More on iTunes

This iTunes support of podcasting thing is slowly sinking in. Since almost the beginning here, I could make the assumption that the vast majority of podcatching clients supported Bittorrent. Unless some heroic Apple engineer puts in support and quick, that assumption is going to change when iTunes does their thing.

Everything I’ve seen has unquestioningly been on the side that this is good for podcasting, but I’m not sure that it will be. Over and over, almost since the very beginning people have been making these statements that “what podcasting needs to be really popular is X”. That’s not been my focus. Like I’ve been saying in the podcasts, explosive growth just for the sake of it is not a good thing in my opinion. I’ve never felt that we had to be in a hurry here. While there is a coolness to the notion that my listenership might go up in a big hurry, it also has the potential of being an unintentional denial of service attack. I’ve liked the pace things have been growing at, which allowed the tool creators and the podcasters and everyone to build and figure out how to do things.

I’ve built up the Bittorrent infrastructure because of its sustainability and ability to grow over time without killing the server box or using too much bandwidth. Putting out a tool that can bring in an assload of listeners but without using that infrastructure is not necessarily doing me a favor. If it goes like I think it might, I’m going to be including a short MP3 in my feed begging iTunes users to get a tool that supports Bittorrent like every major one has up to this point.

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Dave Slusher is a blogger, podcaster, computer programmer, author, science fiction fan and father. Member of the Podcast Hall of Fame class of 2022.

6 thoughts on “More on iTunes”

  1. Andy says:

    I’m not saying this is going to happen, but wanted to throw it out there…

    Do you think iTunes will cache a copy of each show that is requested? There are two reason I’m saying this. First, Apple already doesn’t seem to care how much bandwidth people using a .mac account are using. Second, if iTunes can’t download a show because a server gets shutdown, who does the end-user think is to blame? If they can’t get a song from the ITMS, they would blame iTunes – if podcasting is built into ITMS and people can’t get their shows, I have a feeling Apple would be getting a lot of calls about this and Apple wouldn’t want their product to seem inferior.

    These are just my thoughts – I have no idea if this is actually the case. But if I was Apple and wanted to make sure people could “always” get podcasts from my product, I’d make sure I was the one serving up the show. Afterall, they already serve all those songs so what’s another few thousand podcasts! 🙂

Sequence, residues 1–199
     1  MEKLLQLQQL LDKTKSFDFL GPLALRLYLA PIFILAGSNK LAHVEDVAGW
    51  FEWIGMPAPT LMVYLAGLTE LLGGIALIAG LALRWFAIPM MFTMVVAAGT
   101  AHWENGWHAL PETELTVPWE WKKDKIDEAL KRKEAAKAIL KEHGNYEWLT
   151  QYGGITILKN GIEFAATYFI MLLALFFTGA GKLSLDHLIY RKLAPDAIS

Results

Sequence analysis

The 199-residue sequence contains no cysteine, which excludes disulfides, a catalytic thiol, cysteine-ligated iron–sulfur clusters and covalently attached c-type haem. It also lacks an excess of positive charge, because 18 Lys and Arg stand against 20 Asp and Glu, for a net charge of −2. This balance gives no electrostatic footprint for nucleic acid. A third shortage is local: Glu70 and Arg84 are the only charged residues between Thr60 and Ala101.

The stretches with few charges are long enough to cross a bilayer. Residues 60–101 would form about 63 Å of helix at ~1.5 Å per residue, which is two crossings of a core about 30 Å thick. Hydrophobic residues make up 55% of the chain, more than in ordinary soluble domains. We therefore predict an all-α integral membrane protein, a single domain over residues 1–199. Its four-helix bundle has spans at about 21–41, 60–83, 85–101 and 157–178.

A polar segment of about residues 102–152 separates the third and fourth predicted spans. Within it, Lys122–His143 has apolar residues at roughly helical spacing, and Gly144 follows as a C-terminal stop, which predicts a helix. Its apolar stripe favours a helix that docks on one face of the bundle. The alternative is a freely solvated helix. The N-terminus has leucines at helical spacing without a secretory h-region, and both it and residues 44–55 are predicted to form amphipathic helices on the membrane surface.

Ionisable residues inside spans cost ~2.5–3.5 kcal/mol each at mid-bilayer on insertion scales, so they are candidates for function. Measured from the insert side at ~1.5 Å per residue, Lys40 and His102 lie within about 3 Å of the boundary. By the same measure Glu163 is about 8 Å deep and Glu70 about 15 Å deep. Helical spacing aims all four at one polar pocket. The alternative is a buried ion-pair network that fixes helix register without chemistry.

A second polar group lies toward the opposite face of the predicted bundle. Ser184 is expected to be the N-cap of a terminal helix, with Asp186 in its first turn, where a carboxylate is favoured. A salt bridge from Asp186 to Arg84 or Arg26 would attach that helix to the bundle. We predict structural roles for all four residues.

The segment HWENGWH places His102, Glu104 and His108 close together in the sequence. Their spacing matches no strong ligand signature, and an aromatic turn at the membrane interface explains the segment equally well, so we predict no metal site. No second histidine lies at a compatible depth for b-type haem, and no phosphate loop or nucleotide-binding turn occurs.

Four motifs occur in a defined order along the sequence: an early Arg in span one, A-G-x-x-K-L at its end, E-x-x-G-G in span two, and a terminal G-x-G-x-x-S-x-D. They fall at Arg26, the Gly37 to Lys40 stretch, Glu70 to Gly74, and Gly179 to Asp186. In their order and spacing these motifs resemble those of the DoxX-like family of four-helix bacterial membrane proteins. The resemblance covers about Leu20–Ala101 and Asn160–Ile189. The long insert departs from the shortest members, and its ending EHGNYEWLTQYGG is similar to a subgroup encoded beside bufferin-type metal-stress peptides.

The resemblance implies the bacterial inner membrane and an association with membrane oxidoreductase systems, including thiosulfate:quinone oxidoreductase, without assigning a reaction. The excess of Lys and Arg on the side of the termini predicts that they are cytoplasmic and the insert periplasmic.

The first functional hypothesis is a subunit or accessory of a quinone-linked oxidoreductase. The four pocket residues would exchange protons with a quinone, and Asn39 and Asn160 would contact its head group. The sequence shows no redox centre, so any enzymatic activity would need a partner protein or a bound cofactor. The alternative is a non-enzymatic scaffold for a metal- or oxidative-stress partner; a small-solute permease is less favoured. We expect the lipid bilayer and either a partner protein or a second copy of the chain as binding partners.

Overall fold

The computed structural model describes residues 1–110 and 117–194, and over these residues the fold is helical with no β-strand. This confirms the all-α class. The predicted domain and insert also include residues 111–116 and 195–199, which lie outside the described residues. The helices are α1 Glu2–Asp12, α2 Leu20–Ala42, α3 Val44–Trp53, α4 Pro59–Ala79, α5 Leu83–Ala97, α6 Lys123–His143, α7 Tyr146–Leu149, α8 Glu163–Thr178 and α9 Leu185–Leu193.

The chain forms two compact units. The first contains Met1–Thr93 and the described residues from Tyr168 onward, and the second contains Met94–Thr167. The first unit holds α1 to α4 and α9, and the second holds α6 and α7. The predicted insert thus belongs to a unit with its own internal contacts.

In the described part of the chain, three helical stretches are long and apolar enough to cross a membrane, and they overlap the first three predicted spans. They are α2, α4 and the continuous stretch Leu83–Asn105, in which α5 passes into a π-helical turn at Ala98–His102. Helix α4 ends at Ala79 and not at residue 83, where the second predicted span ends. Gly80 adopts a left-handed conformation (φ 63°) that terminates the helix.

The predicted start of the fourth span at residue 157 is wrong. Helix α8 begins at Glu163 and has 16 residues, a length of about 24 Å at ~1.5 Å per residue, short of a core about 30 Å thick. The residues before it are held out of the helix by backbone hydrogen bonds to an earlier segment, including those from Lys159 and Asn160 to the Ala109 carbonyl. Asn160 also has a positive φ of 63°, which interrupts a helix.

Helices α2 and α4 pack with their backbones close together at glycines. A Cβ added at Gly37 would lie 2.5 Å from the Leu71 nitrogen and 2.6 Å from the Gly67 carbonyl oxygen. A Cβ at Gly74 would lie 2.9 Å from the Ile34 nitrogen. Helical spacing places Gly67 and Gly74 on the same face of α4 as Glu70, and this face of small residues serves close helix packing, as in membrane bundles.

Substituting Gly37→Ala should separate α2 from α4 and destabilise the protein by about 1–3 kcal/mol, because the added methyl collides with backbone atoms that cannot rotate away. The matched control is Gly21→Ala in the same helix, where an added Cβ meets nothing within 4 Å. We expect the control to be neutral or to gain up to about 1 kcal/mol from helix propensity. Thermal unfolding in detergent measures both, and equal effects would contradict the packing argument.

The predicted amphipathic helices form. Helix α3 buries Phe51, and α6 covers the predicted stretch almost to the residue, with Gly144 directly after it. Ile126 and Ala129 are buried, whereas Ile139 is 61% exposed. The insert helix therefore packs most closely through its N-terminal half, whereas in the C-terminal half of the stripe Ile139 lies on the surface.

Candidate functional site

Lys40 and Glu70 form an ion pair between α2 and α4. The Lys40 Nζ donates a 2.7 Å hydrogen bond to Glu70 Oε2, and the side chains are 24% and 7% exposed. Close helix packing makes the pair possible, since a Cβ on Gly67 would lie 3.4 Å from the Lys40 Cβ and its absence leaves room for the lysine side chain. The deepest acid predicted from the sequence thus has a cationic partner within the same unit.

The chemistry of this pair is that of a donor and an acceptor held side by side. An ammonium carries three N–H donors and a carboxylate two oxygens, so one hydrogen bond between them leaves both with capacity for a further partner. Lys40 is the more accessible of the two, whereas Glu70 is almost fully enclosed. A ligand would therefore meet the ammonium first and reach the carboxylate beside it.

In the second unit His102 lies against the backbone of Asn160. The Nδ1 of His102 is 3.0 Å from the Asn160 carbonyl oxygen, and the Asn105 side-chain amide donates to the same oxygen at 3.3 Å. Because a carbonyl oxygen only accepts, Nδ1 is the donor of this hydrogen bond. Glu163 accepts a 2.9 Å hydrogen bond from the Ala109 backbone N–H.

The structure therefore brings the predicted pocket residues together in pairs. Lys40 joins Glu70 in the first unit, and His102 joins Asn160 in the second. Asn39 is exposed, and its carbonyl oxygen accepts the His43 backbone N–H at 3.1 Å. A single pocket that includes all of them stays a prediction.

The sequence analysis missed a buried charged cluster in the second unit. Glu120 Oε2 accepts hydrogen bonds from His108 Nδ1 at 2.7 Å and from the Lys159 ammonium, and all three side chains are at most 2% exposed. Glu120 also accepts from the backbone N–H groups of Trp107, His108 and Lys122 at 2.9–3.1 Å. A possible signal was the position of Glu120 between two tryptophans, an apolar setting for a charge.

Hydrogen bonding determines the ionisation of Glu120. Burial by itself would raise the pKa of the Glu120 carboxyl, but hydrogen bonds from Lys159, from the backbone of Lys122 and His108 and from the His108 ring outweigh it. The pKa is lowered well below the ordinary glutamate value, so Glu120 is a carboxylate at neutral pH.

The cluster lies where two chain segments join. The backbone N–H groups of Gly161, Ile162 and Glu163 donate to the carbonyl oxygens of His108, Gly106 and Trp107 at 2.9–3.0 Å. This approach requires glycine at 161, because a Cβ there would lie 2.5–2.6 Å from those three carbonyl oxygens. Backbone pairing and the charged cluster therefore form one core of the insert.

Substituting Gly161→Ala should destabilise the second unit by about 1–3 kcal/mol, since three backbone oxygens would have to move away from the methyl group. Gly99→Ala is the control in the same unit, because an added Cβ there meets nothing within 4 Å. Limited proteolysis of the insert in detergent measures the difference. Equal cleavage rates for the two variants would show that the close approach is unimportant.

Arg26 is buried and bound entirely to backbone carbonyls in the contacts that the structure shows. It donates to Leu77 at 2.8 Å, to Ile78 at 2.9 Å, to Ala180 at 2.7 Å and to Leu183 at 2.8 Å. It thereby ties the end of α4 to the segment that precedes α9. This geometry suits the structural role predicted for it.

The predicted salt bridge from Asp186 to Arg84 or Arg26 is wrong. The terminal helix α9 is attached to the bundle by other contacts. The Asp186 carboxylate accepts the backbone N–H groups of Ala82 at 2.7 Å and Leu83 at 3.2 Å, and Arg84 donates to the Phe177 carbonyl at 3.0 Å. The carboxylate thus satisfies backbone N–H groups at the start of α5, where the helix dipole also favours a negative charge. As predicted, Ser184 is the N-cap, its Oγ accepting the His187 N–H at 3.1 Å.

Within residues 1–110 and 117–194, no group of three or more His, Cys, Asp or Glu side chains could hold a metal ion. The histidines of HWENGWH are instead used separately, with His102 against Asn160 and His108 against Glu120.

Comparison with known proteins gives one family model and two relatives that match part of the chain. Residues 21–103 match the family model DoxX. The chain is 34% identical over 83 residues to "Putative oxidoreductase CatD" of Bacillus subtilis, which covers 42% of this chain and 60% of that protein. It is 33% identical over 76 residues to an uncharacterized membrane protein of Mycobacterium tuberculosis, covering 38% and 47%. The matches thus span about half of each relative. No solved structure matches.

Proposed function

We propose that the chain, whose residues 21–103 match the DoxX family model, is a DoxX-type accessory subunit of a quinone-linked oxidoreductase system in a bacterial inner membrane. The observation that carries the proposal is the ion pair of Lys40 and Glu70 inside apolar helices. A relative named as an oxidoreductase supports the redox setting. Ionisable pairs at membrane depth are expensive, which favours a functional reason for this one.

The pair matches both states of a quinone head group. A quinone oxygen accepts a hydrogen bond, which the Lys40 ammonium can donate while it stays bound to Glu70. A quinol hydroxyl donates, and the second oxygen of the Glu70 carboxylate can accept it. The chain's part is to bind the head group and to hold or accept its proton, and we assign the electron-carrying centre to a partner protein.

2. tiltededge says:

    Keep away from iTunes.

    After hearing Apple gripe about Microsoft and Microsoft’s unfair business practices for years, I was shocked when Apple bought Emagic and promptly decided that Emagic would no longer release products for the Windows platform thus isolating 90,000 Windows/Emagic users. I had bought an Emagic MIDI interface just a month previous to this and there had been no hint of impending doom.

    iTunes is currently the leader for music downloads. This will not last and that is a good thing.

  3. Bob says:

    Enjoy your show immensely!

    Hopefully iTunes will add in Bittorrent support. I’m putting my hopes behind them because the podcast aggregators (at least for the Mac) are barely beta versions. The new ipodderX has had me spending waay too much time troubleshooting and deleting duplicates…

  4. rob says:

    I agree with Andy on this. I’m thinking Apple will have be hosting a copy of everyone’s show.. at least those featured on the main page of the iTunes podcast area. Otherwise there will be a lot of server melting going on.

  5. dave says:

    Not that I care that much, but assuming y’all are correct I can see people howling about this for a variety of reasons. Unless Apple is willing to provide download statistics to everyone whose podcast they are caching, they are effectively taking money from people whose compensation is tied to audience size. It puts Apple in the position of having more knowledge and control over the distribution of your show than you do, which I see as wildly problematic unless there is an opt-out.

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